Compact Regulated PSU - Power Supply Unit




Introduction: Compact Regulated PSU - Power Supply Unit

I have already make a few PSU. At the beginning I always assumed that I need PSU with lots of Amps, but during few years of experimenting and building things I realized that i need small compact PSU with stabilize and good Voltage regulation and current limiter, that didn't take to much space on my workbench.

Like in most of my project it all started with salvage components that came in my possession.
Friend of mine gave my transformer 230V/16V from the old alarm system which is the main component of mine PSU.

Step 1: Component List

1. Transformator 230V/16 V - 1,8 A

2. Original Hiland 0-30V 2mA - 3A Adjustable DC Regulated Power Supply DIY Kit

3. Dual Red Blue LED Digital Voltmeter Ammeter Panel Volt Gauge Meter

4. DC 12V -50 to +110 Temperature Control Switch Thermostat Thermometer

5. Heat sink with fan (24VDC)

6.Voltage stabilization IC 7812

7. Lot 3MM Silver Chrome Metal Plastic LED Light Lamp Emitting Diode Bezel Holders

8. 3 x LED 3mm

9. 2 x Pot. knob

10. ATX shell

11. 24VAC power relay with 4 contact (NO-COM-NC) this is option for WELLER supply compatibility

12. Vinyl Wrap Roll

Step 2: ​ATX Housing Adaptation – Hardware Work

When I had all components at my hand it was time for space management inside of the PSU. Because I decided to use ATX power supply housing I have to manage everything very carefully and this space planning took me lot of time.

After everything was cool, I made a front label on my PC for easier marking.

Mostly it was just drilling, the hole for ampere/volt-meter I used small drill (don’t know how it is called)

At the bottom of the housing I have mounted four of stands that I demounted from old coffee maker

Handle on the back is from the old kitchen socket, mounted with two M4 nuts with washers :)

Step 3: Schematic

Here is schematic of the PSU (I’m not that skilled with drawing of the schematic, as you can see). If something is not clear please feel free to ask in comments, I’m realize that schematic could be done better and when I find some time I will upload better version.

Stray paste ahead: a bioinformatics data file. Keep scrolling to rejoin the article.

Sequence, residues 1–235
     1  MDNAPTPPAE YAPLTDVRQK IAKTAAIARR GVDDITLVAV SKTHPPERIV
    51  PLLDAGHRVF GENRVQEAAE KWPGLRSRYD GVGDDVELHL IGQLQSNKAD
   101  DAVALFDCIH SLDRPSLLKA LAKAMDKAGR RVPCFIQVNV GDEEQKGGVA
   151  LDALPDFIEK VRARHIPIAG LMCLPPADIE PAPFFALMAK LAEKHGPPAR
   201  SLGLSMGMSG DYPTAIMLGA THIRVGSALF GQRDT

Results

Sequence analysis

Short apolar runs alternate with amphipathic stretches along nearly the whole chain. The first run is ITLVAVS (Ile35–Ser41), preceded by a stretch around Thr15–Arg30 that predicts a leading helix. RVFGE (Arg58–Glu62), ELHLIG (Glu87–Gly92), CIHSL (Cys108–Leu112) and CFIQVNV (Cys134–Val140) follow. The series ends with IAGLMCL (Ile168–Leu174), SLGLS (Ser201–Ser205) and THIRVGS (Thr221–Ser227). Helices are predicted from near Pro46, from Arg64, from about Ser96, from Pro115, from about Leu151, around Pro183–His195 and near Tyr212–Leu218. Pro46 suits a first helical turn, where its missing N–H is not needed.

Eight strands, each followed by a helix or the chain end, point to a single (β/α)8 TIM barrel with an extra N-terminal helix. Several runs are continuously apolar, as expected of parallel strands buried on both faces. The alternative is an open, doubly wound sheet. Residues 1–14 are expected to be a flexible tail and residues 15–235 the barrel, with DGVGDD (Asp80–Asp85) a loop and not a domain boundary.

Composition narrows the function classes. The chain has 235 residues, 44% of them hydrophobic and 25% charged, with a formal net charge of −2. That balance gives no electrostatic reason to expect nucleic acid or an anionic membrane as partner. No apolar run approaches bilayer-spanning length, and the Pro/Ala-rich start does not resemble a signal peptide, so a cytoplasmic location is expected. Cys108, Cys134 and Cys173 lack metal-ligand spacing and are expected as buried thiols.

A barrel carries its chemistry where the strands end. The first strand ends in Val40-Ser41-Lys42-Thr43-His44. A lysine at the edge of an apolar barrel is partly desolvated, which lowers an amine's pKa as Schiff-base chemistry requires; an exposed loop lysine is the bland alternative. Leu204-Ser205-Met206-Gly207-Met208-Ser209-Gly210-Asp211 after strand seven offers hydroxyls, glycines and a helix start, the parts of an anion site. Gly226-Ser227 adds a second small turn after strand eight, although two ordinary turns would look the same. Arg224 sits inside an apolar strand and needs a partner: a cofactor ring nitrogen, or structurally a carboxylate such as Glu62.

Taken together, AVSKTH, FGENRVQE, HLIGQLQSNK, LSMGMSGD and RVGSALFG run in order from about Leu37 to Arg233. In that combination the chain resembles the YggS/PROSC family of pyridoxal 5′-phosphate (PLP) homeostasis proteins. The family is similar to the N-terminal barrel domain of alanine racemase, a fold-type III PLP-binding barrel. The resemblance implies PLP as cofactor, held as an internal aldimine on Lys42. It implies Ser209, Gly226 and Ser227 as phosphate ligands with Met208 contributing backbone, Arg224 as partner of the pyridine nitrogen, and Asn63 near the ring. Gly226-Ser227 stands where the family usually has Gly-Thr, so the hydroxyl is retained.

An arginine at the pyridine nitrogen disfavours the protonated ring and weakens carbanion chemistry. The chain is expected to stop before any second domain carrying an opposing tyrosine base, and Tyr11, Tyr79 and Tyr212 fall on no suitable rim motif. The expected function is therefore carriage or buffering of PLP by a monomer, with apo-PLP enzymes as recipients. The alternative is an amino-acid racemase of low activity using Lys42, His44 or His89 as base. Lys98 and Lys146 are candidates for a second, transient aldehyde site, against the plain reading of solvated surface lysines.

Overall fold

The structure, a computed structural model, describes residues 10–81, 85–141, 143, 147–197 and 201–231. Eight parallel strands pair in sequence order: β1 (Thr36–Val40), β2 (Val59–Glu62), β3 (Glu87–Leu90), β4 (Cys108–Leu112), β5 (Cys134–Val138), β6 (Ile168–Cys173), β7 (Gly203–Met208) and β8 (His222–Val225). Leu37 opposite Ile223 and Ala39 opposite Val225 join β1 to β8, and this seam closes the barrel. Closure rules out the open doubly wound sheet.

I add thermostat for activating fan, when I use PSU on small current or on standby I don’t want to hear fan.
I have mounted transistor and voltage stabilization IC (7812), on the cooler.

I drilled hole for the thermostat probe into the cooler.

For mounting of the fan on the cooler I used 1.5mm copper wire and for fixing the fan and cooler onto the housing I used four 1cm standoffs.

Resistors for the LEDs are soldered directly on the 3mm LED and then isolated with shrinking tube.

Same principle is used for connecting the relays contacts

Step 4: Carbon Fibre Vinyl Wrap

I wanted to make a nice look for the housing, so I used Carbon Fiber Vinyl Wrap instead of painting. Also I got an idea that I could customize PSU with my signature :), I have cut my brand mark from the carton box and covered it with vinyl wrap, also I didn’t want to have unnecessary holes on the housing so I used carton box from my favorite cookies and cover the holes and also covered with vinyl wrap

Step 5: ​Front and Back Sticker

I wanted to have clear front panel, so I have design front panel on my computer (use which ever program you prefer) and printed out on printer. This is very convenient also for hardware part of drilling and cutting. Front of the sticker I have adhibit with see-through tape. Back of the sticker is adhibit with two-side tape and taped on the housing.

Step 6: Mounting Components on Front Panel and in the Housing

When the housing were prepared I have started with mounting the elements on/in it. Housing consist of two parts, so for easy assembling there should be long enough wires for manipulation during the assembly.

Grounding the housing is very import, ATX usually have a ground connecting place inside the housing, check it on the photos

First I have mounted everything in the housing and start wiring everything together according the schematic. All of contacts are well soldered creating good and reliable contact and isolated with shrinking tube insulators.

Step 7: ​Calibration and Setting of the Thermostat

Amper/Volt meter have a small potentiometer (miniature) on the back of the panel meter, used for calibration.

After wiring everything all together calibration of the volt meter and ampere meter was necessary. With Volt meter is quite easy and accurate, I have low the voltage to the 4.5V and use the potentiometer on the back of the voltmeter to set it with my multimeter, I repeat this at 12V and 13.7V.

Calibration of the Ampere meter was little bit tricky, I have calculate current for the 5W bulb P=U*I , so that current should be at 12V I=5 / 12 = 0.416A . This is not first class ampermeter but I manage to set it nearest to the desired value, I repeat this step with 15W and 21W bulb and manage to calibrated to the nearest values, and compare this with my multimeter and it is precisely enough for normal and reliable use. Do not expect lab PSU precisely values….

Thermostat is set to activate fan at 40 C°, setting the thermostat is not very complicated and the precise instruction are on the site where I bought the thermostat. After two months of using is working ok.